Paying your way is a delicate one. If you are smart, you will drive first and at the first gas stop pay the bill. If you try and divide the $40 gas bill by the number of passengers, minus the owner of the van, somewhere in the middle of the night you will be sure and come up with the wrong answer.
Chances are you will run out of gas somewhere. You will need at least a half a dozen tanks full. Get your tank-full purchase over with first and everyone will think you are a great guy and a big spender. They don't know, that your soft luggage is full of two loafs of bread and peanut butter enough to make your cheapskate sandwiches for three meals a day for two days. If you have already put in your tank-full, you can let someone else walk to the nearest gas station, usually, at least a three-hour distance from where you ran out.
It has been my experience that a reasonable pair of binoculars is a must for the back seat of a van when you are in a hurry. Whoever rides in the back of the van should take turns tracking attacking police cars. You can spot a set of unlit red lights on top of an unmarked police car from 400 hundred yards, usually in time to slow down before the radar intercept. When it is your turn to be the lookout, make sure the driver knows you will do your best even though you have 20/81 vision and can't tell a Walmart from the gas station from across the street.
Emergencies? There will be a lot of them. When I am reincarnated I want to come back as someone who doesn't know a screwdriver from a lug wrench. If you are called on to help handle an emergency and the person in charge asks you to get the jack from under the back seat and hand him a crescent wrench or a Philips screwdriver or some other non related tool, he or she will know you are inept.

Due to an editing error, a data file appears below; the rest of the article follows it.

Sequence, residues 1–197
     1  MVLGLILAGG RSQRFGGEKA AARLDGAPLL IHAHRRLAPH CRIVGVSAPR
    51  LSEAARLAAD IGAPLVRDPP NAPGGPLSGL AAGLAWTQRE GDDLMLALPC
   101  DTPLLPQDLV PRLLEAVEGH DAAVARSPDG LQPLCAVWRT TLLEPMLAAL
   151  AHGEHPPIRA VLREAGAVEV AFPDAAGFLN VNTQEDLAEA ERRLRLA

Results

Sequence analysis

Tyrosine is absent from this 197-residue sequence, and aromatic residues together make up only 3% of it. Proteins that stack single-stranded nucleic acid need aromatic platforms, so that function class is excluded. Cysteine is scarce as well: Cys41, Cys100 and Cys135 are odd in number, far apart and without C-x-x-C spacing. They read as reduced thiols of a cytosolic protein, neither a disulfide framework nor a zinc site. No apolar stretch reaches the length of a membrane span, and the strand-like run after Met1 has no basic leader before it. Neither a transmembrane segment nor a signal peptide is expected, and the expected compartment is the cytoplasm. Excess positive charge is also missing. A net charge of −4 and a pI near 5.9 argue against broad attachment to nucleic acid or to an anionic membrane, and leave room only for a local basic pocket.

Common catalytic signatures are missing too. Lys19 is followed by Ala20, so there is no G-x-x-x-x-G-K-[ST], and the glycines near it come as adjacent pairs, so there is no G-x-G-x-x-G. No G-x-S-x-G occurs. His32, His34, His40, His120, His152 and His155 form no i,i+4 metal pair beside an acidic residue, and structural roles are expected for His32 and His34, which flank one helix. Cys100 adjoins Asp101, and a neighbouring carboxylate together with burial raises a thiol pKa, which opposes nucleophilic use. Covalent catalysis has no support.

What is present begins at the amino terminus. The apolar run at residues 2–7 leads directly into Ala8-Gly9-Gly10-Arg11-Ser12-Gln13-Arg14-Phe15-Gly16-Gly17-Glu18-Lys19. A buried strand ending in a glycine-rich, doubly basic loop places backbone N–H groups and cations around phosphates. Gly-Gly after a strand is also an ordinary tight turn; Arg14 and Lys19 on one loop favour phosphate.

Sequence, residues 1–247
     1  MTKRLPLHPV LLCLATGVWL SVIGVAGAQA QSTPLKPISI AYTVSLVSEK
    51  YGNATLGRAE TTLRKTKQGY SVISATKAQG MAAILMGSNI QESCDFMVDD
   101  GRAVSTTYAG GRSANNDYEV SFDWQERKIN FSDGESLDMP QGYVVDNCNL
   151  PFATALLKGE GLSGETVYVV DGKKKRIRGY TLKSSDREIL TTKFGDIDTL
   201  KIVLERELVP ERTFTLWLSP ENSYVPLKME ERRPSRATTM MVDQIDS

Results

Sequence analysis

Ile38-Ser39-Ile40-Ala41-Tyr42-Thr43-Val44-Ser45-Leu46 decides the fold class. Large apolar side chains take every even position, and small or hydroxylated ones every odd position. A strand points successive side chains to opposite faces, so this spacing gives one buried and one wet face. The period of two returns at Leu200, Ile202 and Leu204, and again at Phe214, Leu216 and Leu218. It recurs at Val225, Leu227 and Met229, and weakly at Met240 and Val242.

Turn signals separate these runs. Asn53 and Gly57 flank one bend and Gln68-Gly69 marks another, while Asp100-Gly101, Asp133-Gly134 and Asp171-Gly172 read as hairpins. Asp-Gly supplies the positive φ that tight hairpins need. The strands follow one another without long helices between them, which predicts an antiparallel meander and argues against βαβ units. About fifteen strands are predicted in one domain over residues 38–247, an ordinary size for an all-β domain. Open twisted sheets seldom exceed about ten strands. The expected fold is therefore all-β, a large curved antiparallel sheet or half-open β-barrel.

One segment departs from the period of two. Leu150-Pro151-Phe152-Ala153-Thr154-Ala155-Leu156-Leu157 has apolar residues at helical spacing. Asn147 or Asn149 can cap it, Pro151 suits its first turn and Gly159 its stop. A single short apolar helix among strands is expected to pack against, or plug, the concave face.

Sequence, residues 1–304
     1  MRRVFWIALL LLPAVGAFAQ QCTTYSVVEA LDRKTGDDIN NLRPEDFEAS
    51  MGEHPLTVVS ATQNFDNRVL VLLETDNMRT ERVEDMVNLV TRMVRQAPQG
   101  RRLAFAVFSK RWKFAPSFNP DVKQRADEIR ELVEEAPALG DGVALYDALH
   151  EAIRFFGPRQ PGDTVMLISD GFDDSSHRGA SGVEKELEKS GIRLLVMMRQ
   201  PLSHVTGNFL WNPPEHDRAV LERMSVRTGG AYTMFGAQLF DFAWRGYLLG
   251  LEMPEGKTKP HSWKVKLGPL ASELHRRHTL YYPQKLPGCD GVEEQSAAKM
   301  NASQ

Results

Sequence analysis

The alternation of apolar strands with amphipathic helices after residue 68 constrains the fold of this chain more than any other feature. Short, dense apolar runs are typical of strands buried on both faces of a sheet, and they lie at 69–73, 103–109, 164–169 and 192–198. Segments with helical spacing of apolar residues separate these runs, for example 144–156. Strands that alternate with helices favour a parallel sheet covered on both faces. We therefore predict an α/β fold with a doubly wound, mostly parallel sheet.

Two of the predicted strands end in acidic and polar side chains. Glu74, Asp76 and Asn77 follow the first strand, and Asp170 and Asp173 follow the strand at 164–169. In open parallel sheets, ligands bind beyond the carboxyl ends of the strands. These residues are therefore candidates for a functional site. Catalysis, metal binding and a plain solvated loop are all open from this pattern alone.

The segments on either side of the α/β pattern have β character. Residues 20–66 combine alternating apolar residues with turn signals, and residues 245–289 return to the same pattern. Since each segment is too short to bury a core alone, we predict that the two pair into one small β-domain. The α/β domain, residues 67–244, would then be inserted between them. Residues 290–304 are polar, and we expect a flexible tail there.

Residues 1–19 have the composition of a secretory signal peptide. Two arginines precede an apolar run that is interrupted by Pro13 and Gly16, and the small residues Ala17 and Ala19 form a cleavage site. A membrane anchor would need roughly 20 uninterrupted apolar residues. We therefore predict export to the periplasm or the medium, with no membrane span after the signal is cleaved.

What if you can't find someone with a van or you are 16 years old and your dad won't let you use his Mercedes convertible for the weekend because there is no ski rack for it?
Four on the floor and five in the bucket seats is how you will get there. This is OK because you are young and the gas mileage in a small Nissan is fantastic, in fact a lot longer than required toilet stops. There won't be enough room for all the passengers and the luggage, so make sure you ride in the front seat. The three passengers in the back seat will have to get in first so you can put the luggage in on top of them. The luggage will all fit, but the passengers will arrive with their pants pressed sideways.
How about that SUV? Be careful because this driver will have 2.3 kids, a golden retriever, and a condo that is five miles from where you are staying in Malcolm's Manor, formerly Ed's Bed's in downtown Montpelier. (Ed recently sold it for $1.2 million and has retired to Maui to windsurf.)